# FreeBSD Manual Pages

expr(n) Tcl Built-In Commands expr(n) ______________________________________________________________________________NAMEexpr - Evaluate an expressionSYNOPSISexprarg?argarg...? ______________________________________________________________________________DESCRIPTIONConcatenatesargs, separated by a space, into an expression, and evalu- ates that expression, returning its value. The operators permitted in an expression include a subset of the operators permitted in C expres- sions. For those operators common to both Tcl and C, Tcl applies the same meaning and precedence as the corresponding C operators. The value of an expression is often a numeric result, either an integer or a floating-point value, but may also be a non-numeric value. For exam- ple, the expressionexpr8.2 + 6 evaluates to 14.2. Expressions differ from C expressions in the way that operands are specified. Expressions also support non-numeric op- erands, string comparisons, and some additional operators not found in C. When an expression evaluates to an integer, the value is the decimal form of the integer, and when an expression evaluates to a floating- point number, the value is the form produced by the%gformat specifier of Tcl'sformatcommand.OPERANDSAn expression consists of a combination of operands, operators, paren- theses and commas, possibly with whitespace between any of these ele- ments, which is ignored. An integer operand may be specified in deci- mal (the normal case, the optional first two characters are0d), binary (the first two characters are0b), octal (the first two characters are0o), or hexadecimal (the first two characters are0x) form. For com- patibility with older Tcl releases, an operand that begins with0is interpreted as an octal integer even if the second character is noto. A floating-point number may be specified in any of several common deci- mal formats, and may use the decimal point.,eorEfor scientific no- tation, and the sign characters+and-. The following are all valid floating-point numbers: 2.1, 3., 6e4, 7.91e+16. The stringsInfandNaN, in any combination of case, are also recognized as floating point values. An operand that doesn't have a numeric interpretation must be quoted with either braces or with double quotes. An operand may be specified in any of the following ways: [1] As a numeric value, either integer or floating-point. [2] As a boolean value, using any form understood bystringisbool-ean. [3] As a variable, using standard$notation. The value of the variable is then the value of the operand. [4] As a string enclosed in double-quotes. Backslash, variable, and command substitution are performed as described inTcl. [5] As a string enclosed in braces. The operand is treated as a braced value as described inTcl. [6] As a Tcl command enclosed in brackets. Command substitution is performed as described inTcl. [7] As a mathematical function such assin($x), whose arguments have any of the above forms for operands. SeeMATHFUNCTIONSbelow for a discussion of how mathematical functions are handled. Becauseexprparses and performs substitutions on values that have al- ready been parsed and substituted byTcl, it is usually best to enclose expressions in braces to avoid the first round of substitutions byTcl. Below are some examples of simple expressions where the value ofais 3 and the value ofbis 6. The command on the left side of each line produces the value on the right side.expr3.1 + $a6.1expr2 + "$a.$b"5.6expr4*[llength "6 2"]8expr{{word one} < "word $a"}0OPERATORSFor operators having both a numeric mode and a string mode, the numeric mode is chosen when all operands have a numeric interpretation. The integer interpretation of an operand is preferred over the floating- point interpretation. To ensure string operations on arbitrary values it is generally a good idea to useeq,ne, or thestringcommand in- stead of more versatile operators such as==. Unless otherwise specified, operators accept non-numeric operands. The value of a boolean operation is 1 if true, 0 otherwise. See alsostringisboolean. The valid operators, most of which are also avail- able as commands in thetcl::mathopnamespace (seemathop(n)), are listed below, grouped in decreasing order of precedence:-+~!Unary minus, unary plus, bit-wise NOT, logical NOT. These operators may only be applied to numeric op- erands, and bit-wise NOT may only be applied to in- tegers.**Exponentiation. Valid for numeric operands. The maximum exponent value that Tcl can handle if the first number is an integer > 1 is 268435455.*/%Multiply and divide, which are valid for numeric operands, and remainder, which is valid for inte- gers. The remainder, an absolute value smaller than the absolute value of the divisor, has the same sign as the divisor. When applied to integers, division and remainder can be considered to partition the number line into a sequence of adjacent non-overlapping pieces, where each piece is the size of the divisor; the quotient identifies which piece the dividend lies within, and the remainder identifies where within that piece the dividend lies. A consequence of this is that the result of "-57/10" is always -6, and the result of "-57%10" is always 3.+-Add and subtract. Valid for numeric operands. << >> Left and right shift. Valid for integers. A right shift always propagates the sign bit. < > <=>=Boolean numeric-preferring comparisons: less than, greater than, less than or equal, and greater than or equal. If either argument is not numeric, the comparison is done using UNICODE string comparison, as with the string comparison operators below, which have the same precedence.ltgtlegeBoolean string comparisons: less than, greater | than, less than or equal, and greater than or | equal. These always compare values using their UNI- | CODE strings (also seestringcompare), unlike with | the numeric-preferring comparisons abov, which have | the same precedence.==!=Boolean equal and not equal.eqneBoolean string equal and string not equal.inniList containment and negated list containment. The first argument is interpreted as a string, the sec- ond as a list.intests for membership in the list, andniis the inverse. & Bit-wise AND. Valid for integer operands.^Bit-wise exclusive OR. Valid for integer operands.|Bit-wise OR. Valid for integer operands. && Logical AND. If both operands are true, the result is 1, or 0 otherwise. This operator evaluates lazily; it only evaluates its second operand if it must in order to determine its result. This opera- tor evaluates lazily; it only evaluates its second operand if it must in order to determine its re- sult.||Logical OR. If both operands are false, the result is 0, or 1 otherwise. This operator evaluates lazily; it only evaluates its second operand if it must in order to determine its result.x?y:zIf-then-else, as in C. Ifxis false , the result is the value ofy. Otherwise the result is the value ofz. This operator evaluates lazily; it evaluates only one ofyorz. The exponentiation operator promotes types in the same way that the multiply and divide operators do, and the result is is the same as the result ofpow. Exponentiation groups right-to-left within a precedence level. Other binary operators group left-to-right. For example, the value ofexpr{4*2 < 7} is 0, while the value ofexpr{2**3**2} is 512. As in C, &&,||, and?:feature "lazy evaluation", which means that op- erands are not evaluated if they are not needed to determine the out- come. For example, inexpr{$v ? [a] : [b]} only one of[a]or[b]is evaluated, depending on the value of$v. This is not true of the normal Tcl parser, so it is normally recom- mended to enclose the arguments toexprin braces. Without braces, as inexpr$v ? [a] : [b] both[a]and[b]are evaluated beforeexpris even called. For more details on the results produced by each operator, see the doc- umentation for C.MATHFUNCTIONSA mathematical function such assin($x)is replaced with a call to an ordinary Tcl command in thetcl::mathfuncnamespace. The evaluation of an expression such asexpr{sin($x+$y)} is the same in every way as the evaluation ofexpr{[tcl::mathfunc::sin [expr{$x+$y}]]} which in turn is the same as the evaluation of tcl::mathfunc::sin [expr{$x+$y}]tcl::mathfunc::sinis resolved as described inNAMESPACERESOLUTIONin thenamespace(n) documentation. Given the default value ofnamespacepath,[namespacecurrent]::tcl::mathfunc::sinor::tcl::mathfunc::sinare the typical resolutions. As in C, a mathematical function may accept multiple arguments sepa- rated by commas. Thus,expr{hypot($x,$y)} becomes tcl::mathfunc::hypot $x $y See themathfunc(n) documentation for the math functions that are available by default.TYPES,OVERFLOW,ANDPRECISIONWhen needed to guarantee exact performance, internal computations in- volving integers use the LibTomMath multiple precision integer library. In Tcl releases prior to 8.5, integer calculations were performed using one of the C typeslongintorTcl_WideInt, causing implicit range truncation in those calculations where values overflowed the range of those types. Any code that relied on these implicit truncations should instead callint()orwide(), which do truncate. Internal floating-point computations are performed using thedoubleC type. When converting a string to floating-point value, exponent over- flow is detected and results in thedoublevalue ofInfor-Infas ap- propriate. Floating-point overflow and underflow are detected to the degree supported by the hardware, which is generally fairly reliable. Conversion among internal representations for integer, floating-point, and string operands is done automatically as needed. For arithmetic computations, integers are used until some floating-point number is in- troduced, after which floating-point values are used. For example,expr{5 / 4} returns 1, whileexpr{5 / 4.0}expr{5 / ( [string length "abcd"] + 0.0 )} both return 1.25. A floating-point result can be distinguished from an integer result by the presence of either "." or "e"expr{20.0/5.0} returns4.0, not4.PERFORMANCE CONSIDERATIONSWhere an expression contains syntax that Tcl would otherwise perform substitutions on, enclosing an expression in braces or otherwise quot- ing it so that it's a static value allows the Tcl compiler to generate bytecode for the expression, resulting in better speed and smaller storage requirements. This also avoids issues that can arise if Tcl is allowed to perform substitution on the value beforeexpris called. In the following example, the value of the expression is 11 because the Tcl parser first substitutes$bandexprthen substitutes$aas part of evaluating the expression "$a + 2*4". Enclosing the expression in braces would result in a syntax error as$bdoes not evaluate to a nu- meric value. set a 3 set b {$a + 2}expr$b*4 When an expression is generated at runtime, like the one above is, the bytecode compiler must ensure that new code is generated each time the expression is evaluated. This is the most costly kind of expression from a performance perspective. In such cases, consider directly using the commands described in themathfunc(n) ormathop(n) documentation instead ofexpr. Most expressions are not formed at runtime, but are literal strings or contain substitutions that don't introduce other substitutions. To al- low the bytecode compiler to work with an expression as a string lit- eral at compilation time, ensure that it contains no substitutions or that it is enclosed in braces or otherwise quoted to prevent Tcl from performing substitutions, allowingexprto perform them instead. If it is necessary to include a non-constant expression string within the wider context of an otherwise-constant expression, the most effi- cient technique is to put the varying part inside a recursiveexpr, as this at least allows for the compilation of the outer part, though it does mean that the varying part must itself be evaluated as a separate expression. Thus, in this example the result is 20 and the outer ex- pression benefits from fully cached bytecode compilation. set a 3 set b {$a + 2}expr{[expr$b] * 4} In general, you should enclose your expression in braces wherever pos- sible, and where not possible, the argument toexprshould be an ex- pression defined elsewhere as simply as possible. It is usually more efficient and safer to use other techniques (e.g., the commands in thetcl::mathopnamespace) than it is to do complex expression generation.EXAMPLESA numeric comparison whose result is 1:expr{"0x03" > "2"} A string comparison whose result is 1:expr{"0y" > "0x12"} A forced string comparison whose result is 0: |expr{"0x03" gt "2"} | Define a procedure that computes an "interesting" mathematical func- tion: proc tcl::mathfunc::calc {x y} {expr{ ($x**2 - $y**2) / exp($x**2 + $y**2) } } Convert polar coordinates into cartesian coordinates: # convert from ($radius,$angle) set x [expr{ $radius * cos($angle) }] set y [expr{ $radius * sin($angle) }] Convert cartesian coordinates into polar coordinates: # convert from ($x,$y) set radius [expr{ hypot($y, $x) }] set angle [expr{ atan2($y, $x) }] Print a message describing the relationship of two string values to each other: puts "a and b are [expr{$a eq $b ? {equal} : {different}}]" Set a variable indicating whether an environment variable is defined and has value of true: set isTrue [expr{ [info exists ::env(SOME_ENV_VAR)] && [string is true -strict $::env(SOME_ENV_VAR)] }] Generate a random integer in the range 0..99 inclusive: set randNum [expr{ int(100 * rand()) }]SEE ALSOarray(n), for(n), if(n), mathfunc(n), mathop(n), namespace(n), proc(n), string(n), Tcl(n), while(n)KEYWORDSarithmetic, boolean, compare, expression, fuzzy comparisonCOPYRIGHTCopyright (C) 1993 The Regents of the University of California. Copyright (C) 1994-2000 Sun Microsystems Incorporated. Copyright (C) 2005 by Kevin B. Kenny <kennykb@acm.org>. All rights reserved. Tcl 8.5 expr(n)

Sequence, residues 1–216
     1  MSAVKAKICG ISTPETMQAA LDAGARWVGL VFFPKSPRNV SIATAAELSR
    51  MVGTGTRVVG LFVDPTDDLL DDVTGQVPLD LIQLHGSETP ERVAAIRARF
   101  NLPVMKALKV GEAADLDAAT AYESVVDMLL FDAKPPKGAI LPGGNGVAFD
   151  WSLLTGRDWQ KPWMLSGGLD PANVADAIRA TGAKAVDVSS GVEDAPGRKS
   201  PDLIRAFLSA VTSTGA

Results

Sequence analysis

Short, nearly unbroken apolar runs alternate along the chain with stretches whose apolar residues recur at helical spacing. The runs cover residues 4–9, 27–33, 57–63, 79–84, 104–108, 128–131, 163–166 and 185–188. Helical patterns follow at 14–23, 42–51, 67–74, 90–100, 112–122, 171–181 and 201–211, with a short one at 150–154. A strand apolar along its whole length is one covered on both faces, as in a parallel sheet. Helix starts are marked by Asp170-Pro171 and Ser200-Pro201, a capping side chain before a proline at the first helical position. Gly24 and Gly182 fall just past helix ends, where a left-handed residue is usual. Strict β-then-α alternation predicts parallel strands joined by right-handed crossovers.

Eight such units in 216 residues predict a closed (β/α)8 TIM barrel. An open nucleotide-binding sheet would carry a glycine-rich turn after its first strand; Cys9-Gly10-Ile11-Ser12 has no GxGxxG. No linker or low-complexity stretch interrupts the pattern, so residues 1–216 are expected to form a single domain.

NAME | SYNOPSIS | DESCRIPTION | PERFORMANCE CONSIDERATIONS | EXAMPLES | SEE ALSO | KEYWORDS | COPYRIGHT